One of the things I love most about working in London is the amazing art installations that suddenly pop up out of nowhere to startle us out of our daily routines. Who would have guessed that the 19th century Covent Garden market would be suddenly taken over by a mass balloon invasion? Blown away by the prospect of witnessing 100,000 giant white balloons, I popped along during my lunch break to find out if it was all just a lot of hot air.
As we get stuck back into the working routine this week, in the desert wilderness of Nevada, tens of thousands of citizens are getting to work on building their own creative metropolis. Dedicated to community, art, self-reliance and self-expression, Burning Man has captured the global imagination with its jaw-dropping installations, burning effigies and free-spirited vibe. If you can’t get away from your desk to join them, you can catch a glimpse of the highlights at the Lights of Soho art gallery and member’s lounge.
How often do you notice the area you work in? Caught up in the frantic rush of getting to and from work on time, we barely register our surroundings. But while we’re dashing in and out of revolving doors; sprouting up amidst the sky-scrapers of the Square Mile are some of the world’s most cutting-edge pieces of contemporary art. Featuring leading names such as the legendary Damien Hirst and America’s Bruce Beasley, Sculpture in the City aims to enhance our urban environment and make us see our work environment from a fresh perspective.
As a champion of tiny museums, I was delighted to stumble across the Elizabeth Garrett Anderson Gallery on my way to a recent work meeting. Telling the tale of Elizabeth Garett Anderson – Britain’s first female doctor and the founder of London’s first women’s hospital, the pint-sized gallery proved to be an inspirational lunch break find.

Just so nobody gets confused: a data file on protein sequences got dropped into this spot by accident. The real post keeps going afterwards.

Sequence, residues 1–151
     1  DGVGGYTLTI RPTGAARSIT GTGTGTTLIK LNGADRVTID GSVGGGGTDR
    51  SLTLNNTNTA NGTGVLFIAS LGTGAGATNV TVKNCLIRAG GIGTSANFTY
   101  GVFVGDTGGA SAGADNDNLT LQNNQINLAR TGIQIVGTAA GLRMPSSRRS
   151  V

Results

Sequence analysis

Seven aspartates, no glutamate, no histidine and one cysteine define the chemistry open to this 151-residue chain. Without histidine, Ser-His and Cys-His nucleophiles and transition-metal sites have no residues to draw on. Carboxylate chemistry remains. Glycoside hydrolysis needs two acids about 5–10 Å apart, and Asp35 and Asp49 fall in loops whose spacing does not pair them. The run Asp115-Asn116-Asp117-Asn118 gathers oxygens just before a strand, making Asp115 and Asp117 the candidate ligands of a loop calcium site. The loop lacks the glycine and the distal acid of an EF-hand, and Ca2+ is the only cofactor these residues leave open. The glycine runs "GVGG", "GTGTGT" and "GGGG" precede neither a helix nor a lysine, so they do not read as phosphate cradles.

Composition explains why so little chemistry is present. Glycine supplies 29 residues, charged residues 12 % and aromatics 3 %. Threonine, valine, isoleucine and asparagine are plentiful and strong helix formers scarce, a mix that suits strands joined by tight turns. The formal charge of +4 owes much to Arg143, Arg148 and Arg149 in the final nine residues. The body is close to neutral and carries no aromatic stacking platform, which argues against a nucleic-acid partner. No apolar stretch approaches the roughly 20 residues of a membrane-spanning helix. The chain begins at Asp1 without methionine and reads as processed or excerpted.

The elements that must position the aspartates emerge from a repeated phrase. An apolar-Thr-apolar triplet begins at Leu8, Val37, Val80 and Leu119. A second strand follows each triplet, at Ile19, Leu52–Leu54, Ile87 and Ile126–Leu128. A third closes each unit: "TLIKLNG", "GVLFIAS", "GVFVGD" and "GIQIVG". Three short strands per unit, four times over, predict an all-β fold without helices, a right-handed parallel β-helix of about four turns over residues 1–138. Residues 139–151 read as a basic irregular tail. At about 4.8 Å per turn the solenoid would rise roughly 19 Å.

Adopted by global giants: Deutsche Bank, Apple and Astra Zeneca, mindfulness is the latest buzzword sweeping through offices. Claiming to improve memory and performance, reduce stress and lower blood pressure, the simple act of becoming aware in the present moment, is set to revolutionise the way we work. If you fancy giving it a whirl, here are my top four tried-and-tested techniques which take no more than ten minutes in your lunch break.
Love them or loath them, there’s no denying that beards have sprouted back into fashion over the last few years. Once the preserve of homestead hill-billies, they’re now as likely to be sported in the boardroom as they are down on the pig farm. Combed and coiffed into submission, today’s facial topiary bears no resemblance to the mutton chops of yesteryear. Hot in pursuit of the new hursuit trend, I popped down to Beard at Somerset House to put in some face time.
In the frantic rush of the working week, do your find yourself mindlessly munching on the same things week-in, week-out? In a bid to widen my culinary horizons, I left my desk for a lunch time browse around Borough Market. Brimming with home-grown and far-flung bounty, London’s millennial market is the perfect place to seek out wholesome products while also treating myself to a little of what I fancy. From breakfast al-desko through to post-work tipples, here’s a few of my top recommendations.
With only sixty minutes to spare, finding a quick yet classy lunch time eaterie can be tricky. Anxious clock watching followed by a rabid nosh and mad dash back to the office can make eating out as stressful as staying desk-bound. Offering a solution to agonising slow service, a new self-service vegetarian restaurant in Mayfair caught my eye. Intrigued, I took two work colleagues along to sample lunch at Ethos.
Glancing out my office window at lunchtime yesterday, a vision in amber shimmers before me. Lining the steps of Granary Square in King’s Cross are three thousand pumpkins basking in the freakish heat of the Halloween sun. Gazing in awe, I popped out to take a closer look at Pumpkins at KX – London’s quirkiest veggie art installation.
Stressful morning? In need of some light relief? The House of Illustration could be just the tonic. Quirky, fun and enlightening, this newest addition to London’s art scene provides a welcome break from the taxing task of contemplating highbrow artworks. In need of some light relief, I slipped away from my desk to find out more.